Footy doing it tough in the bush and the ’burbs
Suburban and country footy is kicking into the wind. Six clubs have gone into recess this off-season, others have had to downsize and there are signs that the initial vibrant bloom of the women’s game has paled.
Some clubs are victims of peculiarly local circumstances. Corowa-Rutherglen in the Ovens and Murray, home club of Sydney coach John Longmire and where his brother still coaches juniors, lost its clubrooms to ruinous flooding last November.
Corowa-Rutherglen’s rooms were swamped last November and are unusable.Credit:Facebook
It also suffered from the squeeze of three nearby clubs in other competitions in a stagnant, even dwindling population, a chronic and ever more acute country problem, and from an exodus of young players back to work and study in the city when Victorian COVID-19 restrictions were lifted. Nearby Wahgunyah spent last season copping 50- and 60-goal beatings.
“COVID was a big blanket that protected everyone there for a little while,” said Corowa-Rutherglen president Graham Hosier. “Now there’s 80 jumper spots and 40-odd local players.
“I’m shattered. I’ve been there for a long time. I’m not putting the blame on anyone. It was just a perfect storm.”
Rushworth in the Kyabram District league lost players after losing a coach mid-last season, could replace neither and on the sidelines join Ardmona, who dropped out last year.
John Longmire with Corowa-Rutherglen mates after North Melbourne won the 1999 AFL premiership.
Wyndham-based Glen Orden in the Western Region Football League and Jacana in the Essendon District Football League – alma mater of Chris Johnson and the legendary Bruce Doull – struggled and failed to drum up numbers in communities whose complexions are changing fast.
Old Mentonians, a 50-year stalwart of the Victorian Amateur Football Association, lost the school grounds, their coach and a job lot of players to neighbouring Beaumaris. And Glen Waverley in the Eastern Football League found that players, parents and sponsors melted away after an infamous scandal involving a public sex act between two players last Mad Monday and will sit out 2023.
The great Bruce Doull.Credit:Fairfax Photographic.
But there are generic issues that mean that even as the elite game thrives, the ecosystem that supplies and ultimately sustains it is feeling the stress. COVID-19 disrupted age-old rhythms. Simultaneously, construction boomed. Tradies became used, or were required, to work on Saturdays again. People’s attitude to sport generally changed.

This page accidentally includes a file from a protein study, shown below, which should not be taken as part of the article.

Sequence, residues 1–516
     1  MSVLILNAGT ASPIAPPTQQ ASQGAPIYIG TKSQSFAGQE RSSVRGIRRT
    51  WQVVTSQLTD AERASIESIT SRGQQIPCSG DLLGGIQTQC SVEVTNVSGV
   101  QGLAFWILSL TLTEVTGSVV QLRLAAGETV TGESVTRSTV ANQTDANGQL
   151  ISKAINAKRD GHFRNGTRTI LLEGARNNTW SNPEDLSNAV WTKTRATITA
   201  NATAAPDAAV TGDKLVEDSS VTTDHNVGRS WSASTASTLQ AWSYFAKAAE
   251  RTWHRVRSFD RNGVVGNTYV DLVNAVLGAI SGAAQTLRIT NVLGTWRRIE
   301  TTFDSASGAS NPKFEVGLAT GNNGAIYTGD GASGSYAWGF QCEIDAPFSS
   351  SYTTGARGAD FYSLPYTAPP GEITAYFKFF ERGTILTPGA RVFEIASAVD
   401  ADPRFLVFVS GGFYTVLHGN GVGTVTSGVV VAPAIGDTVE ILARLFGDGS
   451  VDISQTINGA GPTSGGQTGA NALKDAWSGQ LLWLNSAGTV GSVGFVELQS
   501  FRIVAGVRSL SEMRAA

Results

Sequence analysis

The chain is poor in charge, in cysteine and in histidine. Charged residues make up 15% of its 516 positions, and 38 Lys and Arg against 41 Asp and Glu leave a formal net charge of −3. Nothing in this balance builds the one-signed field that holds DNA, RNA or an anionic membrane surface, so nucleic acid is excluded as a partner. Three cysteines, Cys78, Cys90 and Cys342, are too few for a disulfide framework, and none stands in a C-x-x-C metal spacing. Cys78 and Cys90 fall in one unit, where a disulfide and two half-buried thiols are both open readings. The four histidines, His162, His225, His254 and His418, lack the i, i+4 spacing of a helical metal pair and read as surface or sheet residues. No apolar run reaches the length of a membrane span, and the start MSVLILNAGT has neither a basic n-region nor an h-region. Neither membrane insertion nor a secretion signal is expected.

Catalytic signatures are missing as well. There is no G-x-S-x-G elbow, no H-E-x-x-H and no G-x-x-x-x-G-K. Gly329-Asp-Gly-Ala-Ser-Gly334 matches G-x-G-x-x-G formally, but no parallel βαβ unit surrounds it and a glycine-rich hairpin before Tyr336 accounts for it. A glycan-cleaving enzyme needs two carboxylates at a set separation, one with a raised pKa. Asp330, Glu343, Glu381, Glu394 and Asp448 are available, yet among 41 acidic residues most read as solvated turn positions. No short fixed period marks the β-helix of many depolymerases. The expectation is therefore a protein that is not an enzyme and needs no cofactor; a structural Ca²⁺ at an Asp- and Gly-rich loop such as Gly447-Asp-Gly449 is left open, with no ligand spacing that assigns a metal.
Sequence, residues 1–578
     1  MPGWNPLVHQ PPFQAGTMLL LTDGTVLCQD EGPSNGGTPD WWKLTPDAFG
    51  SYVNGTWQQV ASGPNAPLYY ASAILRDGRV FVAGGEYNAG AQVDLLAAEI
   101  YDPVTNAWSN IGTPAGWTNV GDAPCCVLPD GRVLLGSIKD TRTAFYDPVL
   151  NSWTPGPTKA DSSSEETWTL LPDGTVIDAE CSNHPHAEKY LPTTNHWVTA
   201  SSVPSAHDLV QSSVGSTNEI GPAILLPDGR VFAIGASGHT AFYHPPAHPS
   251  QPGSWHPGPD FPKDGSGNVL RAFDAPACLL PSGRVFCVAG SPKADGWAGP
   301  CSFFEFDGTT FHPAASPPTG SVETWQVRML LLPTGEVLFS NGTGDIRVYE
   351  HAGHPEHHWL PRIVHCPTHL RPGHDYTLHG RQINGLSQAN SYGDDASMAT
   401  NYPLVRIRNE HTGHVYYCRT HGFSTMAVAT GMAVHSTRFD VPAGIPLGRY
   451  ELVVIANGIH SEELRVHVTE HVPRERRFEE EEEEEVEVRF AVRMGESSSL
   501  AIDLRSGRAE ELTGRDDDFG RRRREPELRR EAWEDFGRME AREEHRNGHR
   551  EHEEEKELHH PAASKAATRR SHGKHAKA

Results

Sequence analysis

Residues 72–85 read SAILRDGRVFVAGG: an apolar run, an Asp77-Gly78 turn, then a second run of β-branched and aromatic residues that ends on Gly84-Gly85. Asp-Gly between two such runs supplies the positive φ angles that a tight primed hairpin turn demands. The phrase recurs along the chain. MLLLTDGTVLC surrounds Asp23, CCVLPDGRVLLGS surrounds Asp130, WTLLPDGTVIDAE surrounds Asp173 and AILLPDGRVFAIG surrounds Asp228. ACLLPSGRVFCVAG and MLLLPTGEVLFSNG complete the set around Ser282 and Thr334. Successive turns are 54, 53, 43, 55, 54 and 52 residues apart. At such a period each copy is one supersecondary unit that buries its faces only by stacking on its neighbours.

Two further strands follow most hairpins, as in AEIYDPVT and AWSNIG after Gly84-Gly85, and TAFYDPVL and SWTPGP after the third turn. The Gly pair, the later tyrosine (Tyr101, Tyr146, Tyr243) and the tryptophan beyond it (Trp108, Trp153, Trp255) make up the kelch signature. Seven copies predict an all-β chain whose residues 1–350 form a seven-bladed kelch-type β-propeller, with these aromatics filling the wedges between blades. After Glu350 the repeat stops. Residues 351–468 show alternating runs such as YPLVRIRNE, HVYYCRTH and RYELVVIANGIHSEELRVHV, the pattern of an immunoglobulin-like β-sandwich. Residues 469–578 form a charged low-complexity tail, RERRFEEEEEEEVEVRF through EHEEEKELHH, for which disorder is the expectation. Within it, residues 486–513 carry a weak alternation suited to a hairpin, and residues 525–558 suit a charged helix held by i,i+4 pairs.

Jason Reddick is a life member at amateur club Therry Penola who worked at Carlton in the AFL and Williamstown in the VFL and is now chief executive of the VAFA. “Back in the day, if you played footy, it was your No.1 priority, and you worked everything around it,” he said.
“What I’m hearing loud and clear is that in this day and age, footy is not necessarily the priority, it’s something players do. The lower down the grades you go, the more so that is.”
Reddick knows of an A-grade club who fear a mid-season collapse when 25 players go overseas, and of a D-grade club where four good players suddenly made themselves unavailable for a crucial match late last season – because they had booked a fishing trip.
This lifestyle-first perspective applies also to volunteers, the vascular system of grassroots footy, and women in lower grades who only ever came to footy for recreation in the first place.
“Coming out of COVID, it’s not just AFL, it’s all sports,” said Andrew Johnston, chief executive of the Essendon District league, who has previously worked in athletics. “COVID did hurt. Lifestyles changed, people stayed home. Now, financially, it’s harder, so people have to pick and choose what sports they do.”